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United States v. Reyes-Rivera

United States Court of Appeals, First Circuit

January 29, 2016

DILEAN REYES-RIVERA, Defendant, Appellant

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[Copyrighted Material Omitted]

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Michael R. Hasse, for appellant.

Nelson Pérez-Sosa, Assistant United States Attorney, Chief, Appellate Division, with whom Rosa Emilia Rodríguez-Vélez, United States Attorney, was on brief, for appellee.

Before Lynch, Stahl, and Barron, Circuit Judges.


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LYNCH, Circuit Judge.

Dilean Reyes-Rivera was the mastermind of a Ponzi scheme, operated largely in Puerto Rico, which defrauded over 230 vulnerable people out of approximately $22 million. In 2012, he pled guilty to bank fraud and to conspiracy to commit wire fraud, and in 2013 he was sentenced to concurrent terms of 60 months of imprisonment on the wire fraud conspiracy count and 242 months on the bank fraud count. He appeals, bringing a number of challenges to his 242-month sentence, basically saying the sentence is too high because his was only a " run-of-the-mill" Ponzi scheme. Finding no error, we affirm.


Because this sentencing appeal follows a guilty plea, we draw the relevant facts from the plea agreement, the change-of-plea colloquy, the presentence investigation report (" PSR" ), and the transcript of the sentencing hearing. United States v. King, 741 F.3d 305, 306 (1st Cir. 2014).

Reyes-Rivera was the president of Global Reach Trading (" GRT" ), a for-profit corporation registered in Florida and Puerto

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Rico that operated as a front for an extensive Ponzi scheme. As president, Reyes-Rivera had access to and signatory authority on all GRT bank accounts and business transactions. Reyes-Rivera's younger brother, Jeffrey Reyes-Rivera (" Jeffrey" ), a licensed attorney in Puerto Rico, was one of the incorporators of GRT as well as its accountant, and was a co-defendant.

Between 2001 and 2007, the Reyes-Rivera brothers, along with promoters and sales agents who worked for GRT, solicited money from unsuspecting individuals, mostly from Puerto Rico, by promising to invest the money in low-risk, short-term, high-yield investment programs. Investors were guaranteed a particular rate of return, ranging between five percent and twenty percent. Neither Reyes-Rivera, Jeffrey, nor GRT was registered or licensed to offer or sell investments to the general public by either the U.S. Securities and Exchange Commission or the Office of the Commissioner of Financial Institutions of Puerto Rico.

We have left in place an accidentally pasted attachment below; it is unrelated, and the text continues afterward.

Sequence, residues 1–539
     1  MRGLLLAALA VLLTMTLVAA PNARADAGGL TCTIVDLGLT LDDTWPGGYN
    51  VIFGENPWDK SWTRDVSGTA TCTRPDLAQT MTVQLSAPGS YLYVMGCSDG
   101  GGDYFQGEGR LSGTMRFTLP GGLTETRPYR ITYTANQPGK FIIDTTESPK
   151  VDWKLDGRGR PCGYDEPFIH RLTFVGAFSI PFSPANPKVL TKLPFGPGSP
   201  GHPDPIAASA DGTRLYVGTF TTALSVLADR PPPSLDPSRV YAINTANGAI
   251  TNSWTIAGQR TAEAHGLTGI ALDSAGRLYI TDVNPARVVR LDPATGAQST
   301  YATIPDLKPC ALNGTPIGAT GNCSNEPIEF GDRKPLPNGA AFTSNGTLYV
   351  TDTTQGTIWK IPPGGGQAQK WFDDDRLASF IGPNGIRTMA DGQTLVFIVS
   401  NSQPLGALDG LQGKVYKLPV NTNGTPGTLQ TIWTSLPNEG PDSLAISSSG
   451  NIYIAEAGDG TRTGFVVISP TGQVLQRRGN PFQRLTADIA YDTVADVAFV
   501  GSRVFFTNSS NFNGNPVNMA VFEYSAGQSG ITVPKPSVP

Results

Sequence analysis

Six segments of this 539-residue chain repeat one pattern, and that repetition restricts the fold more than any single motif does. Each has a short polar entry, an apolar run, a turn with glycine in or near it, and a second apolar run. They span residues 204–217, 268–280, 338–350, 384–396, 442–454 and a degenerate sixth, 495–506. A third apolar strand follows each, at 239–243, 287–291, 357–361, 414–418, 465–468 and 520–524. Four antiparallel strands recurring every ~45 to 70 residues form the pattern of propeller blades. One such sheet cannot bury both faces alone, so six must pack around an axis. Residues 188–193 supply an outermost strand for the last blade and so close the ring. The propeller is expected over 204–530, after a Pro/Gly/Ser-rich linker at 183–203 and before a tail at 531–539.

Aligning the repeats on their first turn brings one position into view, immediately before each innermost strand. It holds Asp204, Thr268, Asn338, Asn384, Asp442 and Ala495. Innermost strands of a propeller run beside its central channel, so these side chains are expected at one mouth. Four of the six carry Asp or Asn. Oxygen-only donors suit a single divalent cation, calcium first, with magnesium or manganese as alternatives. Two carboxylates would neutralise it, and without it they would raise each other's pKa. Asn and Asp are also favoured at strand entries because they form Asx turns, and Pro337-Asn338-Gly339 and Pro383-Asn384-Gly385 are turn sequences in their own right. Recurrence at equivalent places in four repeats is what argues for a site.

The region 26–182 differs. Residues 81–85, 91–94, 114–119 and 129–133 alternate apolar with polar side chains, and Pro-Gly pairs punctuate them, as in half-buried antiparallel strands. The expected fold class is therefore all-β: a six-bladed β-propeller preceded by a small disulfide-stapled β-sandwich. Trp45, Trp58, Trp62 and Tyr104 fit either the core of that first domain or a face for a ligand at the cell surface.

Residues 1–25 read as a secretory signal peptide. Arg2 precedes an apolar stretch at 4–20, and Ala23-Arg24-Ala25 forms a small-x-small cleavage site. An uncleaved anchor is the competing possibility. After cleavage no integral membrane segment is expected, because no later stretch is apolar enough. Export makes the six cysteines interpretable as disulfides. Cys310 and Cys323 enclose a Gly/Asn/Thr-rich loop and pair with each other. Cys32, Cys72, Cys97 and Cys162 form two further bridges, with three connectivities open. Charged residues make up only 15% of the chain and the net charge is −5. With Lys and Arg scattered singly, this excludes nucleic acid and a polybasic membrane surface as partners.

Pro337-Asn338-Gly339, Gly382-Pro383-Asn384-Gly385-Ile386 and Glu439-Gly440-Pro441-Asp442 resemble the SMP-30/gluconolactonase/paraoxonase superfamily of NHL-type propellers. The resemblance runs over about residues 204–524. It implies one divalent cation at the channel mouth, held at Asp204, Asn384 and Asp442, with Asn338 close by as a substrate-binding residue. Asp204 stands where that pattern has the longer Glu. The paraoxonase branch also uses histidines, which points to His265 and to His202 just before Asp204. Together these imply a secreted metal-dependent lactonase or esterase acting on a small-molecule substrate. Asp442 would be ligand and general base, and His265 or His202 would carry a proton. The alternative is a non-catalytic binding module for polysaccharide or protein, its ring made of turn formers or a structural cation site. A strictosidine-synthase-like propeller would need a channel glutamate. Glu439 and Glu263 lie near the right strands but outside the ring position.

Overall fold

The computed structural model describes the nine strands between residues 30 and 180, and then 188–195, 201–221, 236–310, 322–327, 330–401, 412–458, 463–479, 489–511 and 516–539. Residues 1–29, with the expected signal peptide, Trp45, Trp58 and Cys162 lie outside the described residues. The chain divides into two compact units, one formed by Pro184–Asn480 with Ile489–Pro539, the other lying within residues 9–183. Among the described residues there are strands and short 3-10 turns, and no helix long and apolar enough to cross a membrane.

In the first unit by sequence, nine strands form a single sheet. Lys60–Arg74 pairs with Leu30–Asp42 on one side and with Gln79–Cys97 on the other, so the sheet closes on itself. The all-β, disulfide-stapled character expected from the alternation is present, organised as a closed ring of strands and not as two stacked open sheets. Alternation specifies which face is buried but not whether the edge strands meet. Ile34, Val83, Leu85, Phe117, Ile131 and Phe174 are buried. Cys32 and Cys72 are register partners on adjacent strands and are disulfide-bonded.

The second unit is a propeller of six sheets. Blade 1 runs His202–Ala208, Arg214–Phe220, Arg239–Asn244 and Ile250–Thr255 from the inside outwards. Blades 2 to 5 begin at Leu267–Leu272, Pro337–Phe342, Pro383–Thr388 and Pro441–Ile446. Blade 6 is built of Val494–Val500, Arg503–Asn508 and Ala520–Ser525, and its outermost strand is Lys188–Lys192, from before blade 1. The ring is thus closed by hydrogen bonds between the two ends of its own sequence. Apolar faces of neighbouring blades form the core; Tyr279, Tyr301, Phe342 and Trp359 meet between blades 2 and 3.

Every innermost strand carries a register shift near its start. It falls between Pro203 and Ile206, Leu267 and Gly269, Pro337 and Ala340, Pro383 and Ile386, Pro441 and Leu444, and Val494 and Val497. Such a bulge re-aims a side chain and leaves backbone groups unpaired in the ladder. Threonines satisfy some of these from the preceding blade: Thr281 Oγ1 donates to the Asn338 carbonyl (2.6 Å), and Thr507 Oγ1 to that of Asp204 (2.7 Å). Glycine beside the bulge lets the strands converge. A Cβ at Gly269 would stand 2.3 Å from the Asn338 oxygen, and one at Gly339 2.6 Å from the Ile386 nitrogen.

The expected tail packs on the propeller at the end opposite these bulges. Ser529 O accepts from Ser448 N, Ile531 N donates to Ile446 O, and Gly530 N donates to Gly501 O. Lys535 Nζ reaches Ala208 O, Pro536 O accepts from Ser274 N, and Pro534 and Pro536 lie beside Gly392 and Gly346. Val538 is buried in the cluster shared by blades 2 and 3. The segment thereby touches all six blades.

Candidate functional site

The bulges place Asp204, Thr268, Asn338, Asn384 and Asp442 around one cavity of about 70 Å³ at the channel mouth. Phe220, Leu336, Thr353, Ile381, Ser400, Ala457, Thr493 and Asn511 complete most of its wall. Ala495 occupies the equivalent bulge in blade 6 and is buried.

The money they secured from misled investors was not actually invested but instead funded a Ponzi scheme, in which they used the money they received from later investors to pay " returns" to earlier investors. The Reyes-Riveras took about $4.6 million from the proceeds of the scheme to purchase or lease for their own benefit luxury vehicles, houses, furniture, jewelry, and trips.

During the course of the scheme, the Reyes-Riveras also operated other entities, incorporated in Puerto Rico, Antigua and Barbuda, and Florida, in order to conduct businesses similar to GRT. In 2005, Reyes-Rivera, on behalf of one of these entities, WR4 Equity Corporation, secured a mortgage loan with First Bank, a federally insured financial institution, for approximately $1.7 million with the use of fraudulent documents, including personal financial statements and a GRT financial statement.

To conceal the scheme, the Reyes-Riveras placed the funds invested in GRT in eighteen different bank accounts, held in their personal names and in the names of their various entities, and with at least three different banks in multiple countries. They also did not refer to the investors' signed investment contracts as involving " securities." Instead, they used various misleading euphemisms like " Private Programs of Commercial Paper" and " Special Private Placement Programs." In addition, they imposed a strict code of confidentiality and non-disclosure on their investors.

Dilean Reyes-Rivera was the mastermind of the operation. He admitted after his arrest that he influenced Jeffrey to assist him in perpetrating the fraud and that Jeffrey followed his instructions. He also stated that he was the one who made all of the business decisions, that Jeffrey always consulted him before making a contract or bringing in a new investor, and that he never actually explained the business to Jeffrey.[1]

When all was said and done, Reyes-Rivera had defrauded more than 230 investors out of over $22 million. Many of these victims were retirees or pensioners. The PSR includes summaries of victim impact statements submitted by roughly fifty of Reyes-Rivera's victims. The victims described how much they invested and how many lost their life savings. Many now suffer physical and emotional problems, such as anxiety, high blood pressure,

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insomnia, depression, and panic attacks. One victim described becoming incapacitated and being hospitalized in a psychiatric facility and placed on ...

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